As scuba diving instructors, we are often approached by people who are somewhat interested in diving, but are afraid that it’s a very hard thing to do. But is scuba diving hard? If you ask different people, you will get different answers. And actually, while scuba diving is not really difficult, it should certainly not be considered as totally easy and risk-free. In this post, we want to discuss whether scuba diving is hard or easy and what it takes to become a good diver.
Whether Scuba Diving is Hard or Not All Depends on Your Attitude
Let’s start with the basic answer right away. Whether scuba diving is hard or not basically all depends on you and your attitude. After all, scuba diving is still considered an extreme activity (at least that’s what insurances say about it). But that does not mean much, because quite a number of sports are considered extreme activities. And while you may find one sport very difficult, you may find another one totally easy. So whether scuba diving is hard for you or rather easy totally depends on you.
For instance, if you are somebody who is very comfortable in water – be it while swimming, snorkeling or other water activities – you will probably consider scuba diving easy, not hard.
If you are somebody who is struggling a bit with all sorts of water activities, or with even basic theory (we will come to that later), you may find scuba diving hard, because you probably find one element of it challenging.
That said, regardless of where you start and what you bring to the table, scuba diving is a a very accessible hobby. While some things may initially seem hard, everything involved in scuba diving can be mastered rather quickly and improved with practice!
And that is a very important point. Like most things in life, there is some effort involved in learning to dive. What part of that people find challenging really differs from person to person. Some people will struggle with the theory behind scuba diving, while others will struggle performing a particular underwater skill (and yes, even one particular skill out of many can be the problem). But all of these issues are usually temporarily. It may take you a day or two more if it doesn’t feel natural in the beginning, but that’s totally normal. Relax, work on those skills together with your instructor, and in no time you will be a certified scuba diver.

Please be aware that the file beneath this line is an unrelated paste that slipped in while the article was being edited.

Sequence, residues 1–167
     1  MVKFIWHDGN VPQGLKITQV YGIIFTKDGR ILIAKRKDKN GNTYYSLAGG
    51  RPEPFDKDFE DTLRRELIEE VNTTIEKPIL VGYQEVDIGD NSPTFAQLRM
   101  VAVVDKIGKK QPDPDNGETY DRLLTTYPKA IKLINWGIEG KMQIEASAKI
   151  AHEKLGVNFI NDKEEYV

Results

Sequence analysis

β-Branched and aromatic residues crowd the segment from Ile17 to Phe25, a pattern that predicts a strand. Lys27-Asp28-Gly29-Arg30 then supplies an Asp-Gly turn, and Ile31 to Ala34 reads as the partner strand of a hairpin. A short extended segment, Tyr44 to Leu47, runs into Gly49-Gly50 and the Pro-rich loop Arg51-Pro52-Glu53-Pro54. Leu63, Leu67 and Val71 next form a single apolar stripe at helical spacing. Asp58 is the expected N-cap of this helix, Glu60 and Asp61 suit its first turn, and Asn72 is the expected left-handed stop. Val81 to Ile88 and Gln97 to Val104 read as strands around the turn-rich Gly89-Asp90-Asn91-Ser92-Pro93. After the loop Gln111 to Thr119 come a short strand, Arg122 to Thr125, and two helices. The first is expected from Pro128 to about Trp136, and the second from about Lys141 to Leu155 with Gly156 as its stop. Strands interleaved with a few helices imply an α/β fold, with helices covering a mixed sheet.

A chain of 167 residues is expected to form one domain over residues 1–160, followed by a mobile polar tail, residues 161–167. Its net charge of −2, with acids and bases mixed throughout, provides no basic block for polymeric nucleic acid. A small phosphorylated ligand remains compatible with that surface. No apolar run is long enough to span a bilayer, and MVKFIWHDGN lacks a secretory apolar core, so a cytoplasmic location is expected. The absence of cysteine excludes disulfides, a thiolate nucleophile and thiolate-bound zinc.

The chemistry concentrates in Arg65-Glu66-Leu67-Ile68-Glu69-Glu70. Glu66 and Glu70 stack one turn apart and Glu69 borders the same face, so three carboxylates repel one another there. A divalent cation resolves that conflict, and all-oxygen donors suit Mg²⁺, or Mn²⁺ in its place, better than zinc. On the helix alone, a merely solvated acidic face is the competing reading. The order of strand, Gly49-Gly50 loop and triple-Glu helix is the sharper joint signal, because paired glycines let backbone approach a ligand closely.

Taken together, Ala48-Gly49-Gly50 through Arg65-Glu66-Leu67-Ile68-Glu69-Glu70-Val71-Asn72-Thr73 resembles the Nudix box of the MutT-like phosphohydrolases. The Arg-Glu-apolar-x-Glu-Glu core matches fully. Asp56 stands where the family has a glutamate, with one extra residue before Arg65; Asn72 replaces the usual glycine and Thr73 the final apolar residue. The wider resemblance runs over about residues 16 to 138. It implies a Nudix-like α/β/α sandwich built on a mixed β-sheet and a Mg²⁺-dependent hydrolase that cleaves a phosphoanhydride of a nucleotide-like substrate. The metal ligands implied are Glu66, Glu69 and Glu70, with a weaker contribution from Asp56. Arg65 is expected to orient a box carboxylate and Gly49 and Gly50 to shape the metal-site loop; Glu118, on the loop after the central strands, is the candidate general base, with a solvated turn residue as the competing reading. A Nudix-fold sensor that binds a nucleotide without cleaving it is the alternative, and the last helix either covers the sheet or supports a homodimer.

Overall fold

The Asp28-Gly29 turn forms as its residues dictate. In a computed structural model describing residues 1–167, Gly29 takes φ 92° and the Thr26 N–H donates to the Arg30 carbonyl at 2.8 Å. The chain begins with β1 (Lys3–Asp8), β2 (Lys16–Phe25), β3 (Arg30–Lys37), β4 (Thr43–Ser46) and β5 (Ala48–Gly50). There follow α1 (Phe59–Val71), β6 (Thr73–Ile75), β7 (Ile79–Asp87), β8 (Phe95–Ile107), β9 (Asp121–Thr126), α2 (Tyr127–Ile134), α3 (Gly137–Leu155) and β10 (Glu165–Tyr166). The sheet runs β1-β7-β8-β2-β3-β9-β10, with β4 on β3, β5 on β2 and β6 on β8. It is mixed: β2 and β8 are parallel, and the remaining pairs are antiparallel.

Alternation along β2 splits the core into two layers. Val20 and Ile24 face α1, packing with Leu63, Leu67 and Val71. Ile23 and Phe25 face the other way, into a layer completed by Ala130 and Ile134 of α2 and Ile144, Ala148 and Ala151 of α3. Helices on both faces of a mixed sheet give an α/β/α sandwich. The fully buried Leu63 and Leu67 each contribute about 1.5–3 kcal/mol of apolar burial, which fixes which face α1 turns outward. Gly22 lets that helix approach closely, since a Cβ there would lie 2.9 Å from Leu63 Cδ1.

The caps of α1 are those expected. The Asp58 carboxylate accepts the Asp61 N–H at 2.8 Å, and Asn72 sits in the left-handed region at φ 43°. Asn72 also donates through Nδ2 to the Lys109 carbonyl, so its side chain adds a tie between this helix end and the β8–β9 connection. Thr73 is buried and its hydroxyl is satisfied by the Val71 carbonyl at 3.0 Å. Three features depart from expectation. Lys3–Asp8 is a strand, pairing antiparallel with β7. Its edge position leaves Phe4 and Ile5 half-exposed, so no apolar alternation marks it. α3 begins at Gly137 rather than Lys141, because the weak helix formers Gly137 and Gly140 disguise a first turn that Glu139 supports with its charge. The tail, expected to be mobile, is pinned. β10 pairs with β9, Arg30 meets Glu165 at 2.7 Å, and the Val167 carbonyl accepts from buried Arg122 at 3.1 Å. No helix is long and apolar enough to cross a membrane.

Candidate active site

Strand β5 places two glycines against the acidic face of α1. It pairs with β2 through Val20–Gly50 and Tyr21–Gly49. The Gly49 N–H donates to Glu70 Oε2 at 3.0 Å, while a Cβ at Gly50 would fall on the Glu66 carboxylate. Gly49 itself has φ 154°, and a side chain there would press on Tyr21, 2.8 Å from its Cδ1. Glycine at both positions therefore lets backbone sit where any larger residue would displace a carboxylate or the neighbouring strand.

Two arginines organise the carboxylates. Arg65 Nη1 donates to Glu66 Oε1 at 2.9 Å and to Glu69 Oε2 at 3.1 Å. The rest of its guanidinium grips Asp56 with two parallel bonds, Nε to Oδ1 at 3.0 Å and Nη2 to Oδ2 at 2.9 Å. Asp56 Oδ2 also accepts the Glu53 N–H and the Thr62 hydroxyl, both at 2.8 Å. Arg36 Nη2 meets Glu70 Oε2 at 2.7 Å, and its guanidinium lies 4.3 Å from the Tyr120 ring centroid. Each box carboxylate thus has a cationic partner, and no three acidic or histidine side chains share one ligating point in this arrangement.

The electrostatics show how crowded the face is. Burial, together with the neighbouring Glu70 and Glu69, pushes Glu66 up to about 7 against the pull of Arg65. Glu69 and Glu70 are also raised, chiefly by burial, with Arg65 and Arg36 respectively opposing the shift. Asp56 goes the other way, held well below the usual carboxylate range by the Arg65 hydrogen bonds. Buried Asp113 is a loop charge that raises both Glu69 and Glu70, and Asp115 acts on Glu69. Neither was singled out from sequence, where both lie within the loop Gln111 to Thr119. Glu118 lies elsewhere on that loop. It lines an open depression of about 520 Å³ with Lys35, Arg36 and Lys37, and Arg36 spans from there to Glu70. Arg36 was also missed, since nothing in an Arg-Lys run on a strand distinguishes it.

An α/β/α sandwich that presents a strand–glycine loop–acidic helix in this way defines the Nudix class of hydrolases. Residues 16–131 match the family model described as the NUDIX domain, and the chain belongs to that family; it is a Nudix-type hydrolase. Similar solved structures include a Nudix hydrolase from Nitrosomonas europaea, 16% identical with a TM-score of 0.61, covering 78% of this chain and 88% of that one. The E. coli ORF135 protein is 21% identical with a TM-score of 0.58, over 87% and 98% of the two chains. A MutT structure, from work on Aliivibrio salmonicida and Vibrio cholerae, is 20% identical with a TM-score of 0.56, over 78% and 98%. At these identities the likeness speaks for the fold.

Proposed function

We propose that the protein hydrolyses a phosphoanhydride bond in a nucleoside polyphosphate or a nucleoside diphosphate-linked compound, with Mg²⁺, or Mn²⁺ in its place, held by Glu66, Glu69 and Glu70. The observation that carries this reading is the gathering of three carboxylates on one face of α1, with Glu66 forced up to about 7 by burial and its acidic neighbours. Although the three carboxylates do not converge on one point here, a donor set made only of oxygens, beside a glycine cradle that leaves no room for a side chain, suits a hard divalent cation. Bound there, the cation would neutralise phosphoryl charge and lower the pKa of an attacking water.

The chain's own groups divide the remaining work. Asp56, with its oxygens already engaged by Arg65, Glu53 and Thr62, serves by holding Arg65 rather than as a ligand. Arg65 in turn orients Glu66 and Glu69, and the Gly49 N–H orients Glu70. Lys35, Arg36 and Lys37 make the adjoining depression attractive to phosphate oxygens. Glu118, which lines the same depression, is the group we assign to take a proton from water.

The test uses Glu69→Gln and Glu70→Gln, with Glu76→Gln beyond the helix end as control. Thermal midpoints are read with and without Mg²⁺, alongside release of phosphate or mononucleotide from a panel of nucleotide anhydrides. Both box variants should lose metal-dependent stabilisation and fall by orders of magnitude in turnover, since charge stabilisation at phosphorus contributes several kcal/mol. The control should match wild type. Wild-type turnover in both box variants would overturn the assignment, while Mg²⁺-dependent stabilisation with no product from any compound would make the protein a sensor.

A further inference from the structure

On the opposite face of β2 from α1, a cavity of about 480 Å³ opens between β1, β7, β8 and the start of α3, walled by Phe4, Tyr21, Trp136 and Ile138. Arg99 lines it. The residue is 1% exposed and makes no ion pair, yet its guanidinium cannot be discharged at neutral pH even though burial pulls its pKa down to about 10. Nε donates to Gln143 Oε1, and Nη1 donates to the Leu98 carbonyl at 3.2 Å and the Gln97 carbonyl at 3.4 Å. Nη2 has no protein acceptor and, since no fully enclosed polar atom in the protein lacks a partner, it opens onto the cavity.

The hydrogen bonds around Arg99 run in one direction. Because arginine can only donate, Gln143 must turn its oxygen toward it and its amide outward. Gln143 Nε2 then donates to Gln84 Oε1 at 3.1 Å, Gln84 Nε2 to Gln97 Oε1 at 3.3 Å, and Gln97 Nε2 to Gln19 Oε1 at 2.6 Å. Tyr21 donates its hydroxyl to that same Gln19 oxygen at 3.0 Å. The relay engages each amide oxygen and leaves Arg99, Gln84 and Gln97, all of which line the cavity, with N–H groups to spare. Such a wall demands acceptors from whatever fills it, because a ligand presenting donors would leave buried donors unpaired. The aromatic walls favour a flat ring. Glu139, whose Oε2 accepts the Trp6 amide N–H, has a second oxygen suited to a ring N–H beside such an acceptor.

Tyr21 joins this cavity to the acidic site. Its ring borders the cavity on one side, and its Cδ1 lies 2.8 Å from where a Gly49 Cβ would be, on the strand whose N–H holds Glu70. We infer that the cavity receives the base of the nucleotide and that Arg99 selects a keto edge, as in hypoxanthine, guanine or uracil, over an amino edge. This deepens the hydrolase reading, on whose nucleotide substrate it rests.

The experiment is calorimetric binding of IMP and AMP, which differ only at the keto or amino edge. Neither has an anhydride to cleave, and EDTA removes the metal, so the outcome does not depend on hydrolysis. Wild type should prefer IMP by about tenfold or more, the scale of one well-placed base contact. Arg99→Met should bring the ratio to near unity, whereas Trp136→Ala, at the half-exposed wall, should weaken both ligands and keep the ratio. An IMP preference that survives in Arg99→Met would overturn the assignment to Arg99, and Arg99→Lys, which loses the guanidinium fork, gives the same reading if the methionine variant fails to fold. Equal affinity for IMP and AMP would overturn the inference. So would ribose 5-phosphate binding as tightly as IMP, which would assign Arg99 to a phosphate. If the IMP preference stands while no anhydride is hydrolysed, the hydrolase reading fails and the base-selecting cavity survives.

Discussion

Of course, your motivation makes a huge difference. If you really want it, you will be very likely to find it easy and fun. On the contrary, people who are not that motivated, maybe even dragged into it by friends, frequently find it more challenging and sometimes even give up.
There are two Parts of Scuba Diving: The Theoretical Part and the Practical Part
When you think about whether scuba diving is hard or not, you probably only think about being down there and diving through the ocean. Well, that is in fact scuba diving. However, before entering the water, students need to be aware of some theoretical aspects, which allows them to understand what is happening to our bodies and the environment, as well as safety precautions. Nearly every scuba diving course has a theoretical part in it. Therefore, let’s consider these two parts separately for a moment.
The Theoretical part of Learning to Dive
When you take your first steps into the world of scuba diving, you may feel overwhelmed at first with all the theoretical stuff there is to learn. You may have known this before signing up to your course or not: There is always a theoretical part involved in getting certified, and usually the knowledge will be tested by a final exam in the end (more on the exam later). When you first open your learning materials, mastering all the learning objectives may seem like a daunting task.
But trust me here, the theoretical part of learning to dive is not as hard as it seems. In fact, especially for your entry level certification, you only need to know the basic concepts, which are far from difficult.
If you still find them challenging, don’t worry. You are not alone. You will have plenty of support along the way, starting with your dive instructor. He or she should be the first point of contact whenever you struggle with the learning materials or have questions that go beyond them.
Also, you will get your learning materials in different formats, including videos and text form, which makes it easy to learn them the way you find it easiest. Nowadays, most agencies offer the theory portion involved in the course you take in different formats, which are designed to perfectly suit their students’ needs.
The traditional way to learn the theory would be by the use of a printed manual, supported by some instructional videos to watch in the classroom, and your instructor explaining the rest in quite a formal way. This can be a great way to study the theory for you because your instructor is able to cover precisely what is needed in the detail that is required. Also, your instructor can mix theory with practical elements, allowing you to put into practice what you have learned step-by-step.